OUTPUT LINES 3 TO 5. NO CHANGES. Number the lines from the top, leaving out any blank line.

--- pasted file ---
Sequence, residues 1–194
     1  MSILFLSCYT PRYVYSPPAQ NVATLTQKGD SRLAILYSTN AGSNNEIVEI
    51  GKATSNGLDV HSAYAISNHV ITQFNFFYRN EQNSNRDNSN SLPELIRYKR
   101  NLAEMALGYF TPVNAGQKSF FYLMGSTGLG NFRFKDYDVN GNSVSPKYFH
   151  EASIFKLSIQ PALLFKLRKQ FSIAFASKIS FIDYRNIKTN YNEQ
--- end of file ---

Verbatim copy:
    51  GKATSNGLDV HSAYAISNHV ITQFNFFYRN EQNSNRDNSN SLPELIRYKR
   101  NLAEMALGYF TPVNAGQKSF FYLMGSTGLG NFRFKDYDVN GNSVSPKYFH
   151  EASIFKLSIQ PALLFKLRKQ FSIAFASKIS FIDYRNIKTN YNEQ